Not long ago, paediatricians recommended limiting the amount of time kids spend on phones and tablets to just one or two hours a day, with toddlers getting none at all. That has changed, and now parents are supposed to make sure kids have a healthy relationship with their devices. Where do you begin? Here are a few ways to approach the task.
Remember That Screen Time Isn’t Everything
Especially when children are young, it’s tempting to assume that any time they look at a phone or a tablet or a TV, they are wasting their time. But not all screen time is the same: Children might be drooling and staring at a dumb cartoon, or they might be playing a game that requires creativity or problem solving. Once they get a little bit older, they might be using “screen time” as a way to communicate with their friends, or research real-world activities like crafts they want to build or decisions about what to buy with their allowance.
If you want to set limits, pay attention to what your child is actually doing when they have “screen time”. I see a huge difference between my seven-year-old watching videos versus building things in Minecraft. (I feel truly conflicted when he watches videos about Minecraft — he’s passively consuming media, but he’s also learning skills that he turns around and uses to create.)
Rather than setting time limits, Devorah Heitner, author of Screenwise: Helping Kids Thrive in Their Digital World, suggests encouraging children to spend their time on more creative pursuits: Making videos rather than watching them, for example, or learning to code their own video games when they are old enough.
You may still feel you need to set limits, but they don’t have to be restrictions on spending time with screens at all. Instead, you could use a tool like Circle to block access to certain websites at certain times. And you could follow the American Academy of Pediatrics‘ guideline to keep mealtimes and bedtime tech-free.
Make Sure the Phone Isn’t the Only Fun Thing Around
We know that children need real-world play time, and interactions with real people. But just like us, they can gravitate to electronics because those devices are more convenient to use. “Are the dress-up clothes and the LEGO and the musical instruments as accessible as the screens?” Heitner suggests asking yourself as you look around your child’s environment.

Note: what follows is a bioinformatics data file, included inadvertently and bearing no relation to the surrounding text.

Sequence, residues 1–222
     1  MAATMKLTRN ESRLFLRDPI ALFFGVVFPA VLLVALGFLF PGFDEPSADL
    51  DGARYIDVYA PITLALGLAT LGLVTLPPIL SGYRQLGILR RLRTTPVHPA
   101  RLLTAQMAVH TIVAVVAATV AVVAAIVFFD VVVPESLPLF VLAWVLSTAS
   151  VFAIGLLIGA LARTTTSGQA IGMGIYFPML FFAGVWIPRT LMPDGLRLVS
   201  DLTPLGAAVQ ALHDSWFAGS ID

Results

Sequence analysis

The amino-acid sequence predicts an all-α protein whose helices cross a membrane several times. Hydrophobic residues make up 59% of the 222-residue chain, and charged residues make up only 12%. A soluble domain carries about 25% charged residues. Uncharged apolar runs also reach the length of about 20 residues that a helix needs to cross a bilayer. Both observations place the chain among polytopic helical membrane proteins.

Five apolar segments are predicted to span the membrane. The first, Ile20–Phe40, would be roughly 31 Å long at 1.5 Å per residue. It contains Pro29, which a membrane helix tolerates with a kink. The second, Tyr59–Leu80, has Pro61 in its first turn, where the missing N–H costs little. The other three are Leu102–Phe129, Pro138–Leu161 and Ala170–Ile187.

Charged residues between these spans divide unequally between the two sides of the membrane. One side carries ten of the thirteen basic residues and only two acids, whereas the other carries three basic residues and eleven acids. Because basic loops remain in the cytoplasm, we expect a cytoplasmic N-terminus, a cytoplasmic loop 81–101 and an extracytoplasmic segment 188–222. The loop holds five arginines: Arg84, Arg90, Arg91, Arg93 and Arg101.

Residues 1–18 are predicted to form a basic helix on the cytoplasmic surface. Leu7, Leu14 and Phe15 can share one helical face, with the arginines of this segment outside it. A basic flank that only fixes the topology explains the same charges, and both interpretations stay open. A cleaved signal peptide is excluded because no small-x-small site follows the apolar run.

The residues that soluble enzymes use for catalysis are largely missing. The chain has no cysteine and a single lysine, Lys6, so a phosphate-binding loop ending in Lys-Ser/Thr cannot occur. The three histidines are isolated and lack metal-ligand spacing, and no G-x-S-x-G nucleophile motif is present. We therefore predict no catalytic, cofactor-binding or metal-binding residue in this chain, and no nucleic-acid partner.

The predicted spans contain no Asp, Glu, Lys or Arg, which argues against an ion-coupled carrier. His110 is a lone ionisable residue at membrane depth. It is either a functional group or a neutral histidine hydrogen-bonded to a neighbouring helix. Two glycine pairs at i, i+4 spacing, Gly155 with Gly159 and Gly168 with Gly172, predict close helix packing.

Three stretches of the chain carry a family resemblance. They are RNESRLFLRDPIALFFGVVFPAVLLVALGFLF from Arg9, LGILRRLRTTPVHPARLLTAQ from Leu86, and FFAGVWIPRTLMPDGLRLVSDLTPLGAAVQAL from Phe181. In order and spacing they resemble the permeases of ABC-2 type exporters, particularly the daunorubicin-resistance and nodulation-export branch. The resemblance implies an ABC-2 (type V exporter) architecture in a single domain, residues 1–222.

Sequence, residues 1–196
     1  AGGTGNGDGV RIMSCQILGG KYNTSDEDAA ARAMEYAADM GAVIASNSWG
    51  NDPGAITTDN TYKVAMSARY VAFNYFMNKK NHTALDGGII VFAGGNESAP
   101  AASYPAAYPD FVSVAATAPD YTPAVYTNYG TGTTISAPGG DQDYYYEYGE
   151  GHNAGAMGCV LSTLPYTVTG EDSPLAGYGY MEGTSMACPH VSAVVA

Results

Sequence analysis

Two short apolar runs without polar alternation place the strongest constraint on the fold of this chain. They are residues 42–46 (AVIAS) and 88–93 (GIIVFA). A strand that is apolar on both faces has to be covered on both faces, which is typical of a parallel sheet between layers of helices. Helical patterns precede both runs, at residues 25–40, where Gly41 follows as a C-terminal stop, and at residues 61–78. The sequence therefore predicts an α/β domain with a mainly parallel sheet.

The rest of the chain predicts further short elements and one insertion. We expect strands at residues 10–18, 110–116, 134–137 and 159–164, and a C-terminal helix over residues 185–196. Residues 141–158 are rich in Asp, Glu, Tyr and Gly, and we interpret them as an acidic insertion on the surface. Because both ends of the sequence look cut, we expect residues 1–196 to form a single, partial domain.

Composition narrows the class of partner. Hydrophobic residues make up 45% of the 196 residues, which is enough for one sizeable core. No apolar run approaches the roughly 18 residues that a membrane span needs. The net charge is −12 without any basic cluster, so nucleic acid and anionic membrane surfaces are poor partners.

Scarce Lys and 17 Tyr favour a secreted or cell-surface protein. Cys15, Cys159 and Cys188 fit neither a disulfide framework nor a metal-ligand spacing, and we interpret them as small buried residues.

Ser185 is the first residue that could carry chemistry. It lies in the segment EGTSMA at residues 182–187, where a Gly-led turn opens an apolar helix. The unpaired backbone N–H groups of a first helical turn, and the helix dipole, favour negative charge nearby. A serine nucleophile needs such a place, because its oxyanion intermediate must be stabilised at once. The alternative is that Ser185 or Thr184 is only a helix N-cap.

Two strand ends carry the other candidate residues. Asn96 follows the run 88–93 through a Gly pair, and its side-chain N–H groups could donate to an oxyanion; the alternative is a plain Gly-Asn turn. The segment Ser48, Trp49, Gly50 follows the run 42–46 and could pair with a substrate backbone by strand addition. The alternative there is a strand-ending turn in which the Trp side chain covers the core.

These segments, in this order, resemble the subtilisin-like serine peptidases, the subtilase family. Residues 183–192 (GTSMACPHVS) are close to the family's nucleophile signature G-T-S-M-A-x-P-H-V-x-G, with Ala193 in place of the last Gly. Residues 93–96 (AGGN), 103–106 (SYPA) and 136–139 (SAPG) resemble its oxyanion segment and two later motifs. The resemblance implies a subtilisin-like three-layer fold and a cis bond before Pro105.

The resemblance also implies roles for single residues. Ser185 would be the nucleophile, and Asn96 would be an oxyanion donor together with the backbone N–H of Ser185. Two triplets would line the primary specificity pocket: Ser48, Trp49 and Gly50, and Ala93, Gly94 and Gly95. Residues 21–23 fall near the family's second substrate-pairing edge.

If you’re trying to eat healthy, we’ve already explained how you can manipulate your environment to make healthy food more available and junk food out of sight and out of mind. That’s the same idea here. Even if you set firm rules, kids may spend their time whining about when they can watch YouTube next. But if their favourite toys are easy to get to, they may forget about the phones and tablets, at least temporarily.
That may mean an inconvenient trade-off for you as a parent: Watching videos can keep kids quiet, and is definitely less messy than a LEGO explosion.
Look at Your Own Media Use
It’s hard to get kids to look up from their phones if you never do, either. I’m definitely guilty of this, especially if I’m on deadline. Heitner mentions that sometimes she has to arrange meetings with people in other time zones, so she can’t always put her phone away in the evenings. But she makes sure to put her phone away at certain times of day as part of her family’s routine.
“A great parenting tactic is to be honest with our kids when we’re busy,” she says. “But I also think we shouldn’t have a default be that we’re always connected and never unplugged.”
Decide Which Rules Make Sense
I didn’t really name my kids off the storm lists, but I was tempted.
When the AAP announced their 2016 guidelines about device use for kids, they also launched a Media Plan tool that helps you make a list of rules that work for your family. As you go through, you can check off rules for each of your children, and add your own as you go.
I hoped that the result would be a concise list of family rules I could post on my fridge, but the tool produced a lengthy printout. Still, it was useful to go through all of the rules and consider which ones I actually wanted to follow, and which I didn’t.
The biggest impact of the AAP’s guidelines, Heitner says (and I agree!) is that parents no longer have to pretend that they do, or should, set strict limits on screen time for their children. And we don’t need to look down on families who give their kids more screen time than we do. “It’s harder to talk to other parents because we’re so busy judging them,” she observes.
Without the guilt of the old rules, it may be easier to speak more openly with other parents about what they do when their child throws a tantrum about giving up the screen at bedtime. Or how they decided whether their primary schooler was ready for their own phone. Preschool teachers and special needs therapists (such as speech therapists) are a fantastic resource on early childhood learning, she points out. If you feel comfortable discussing tablet use with teachers, you can get great suggestions for apps that are appropriate for your child — or even for offline activities that could help your kid’s playtime to be more well rounded.
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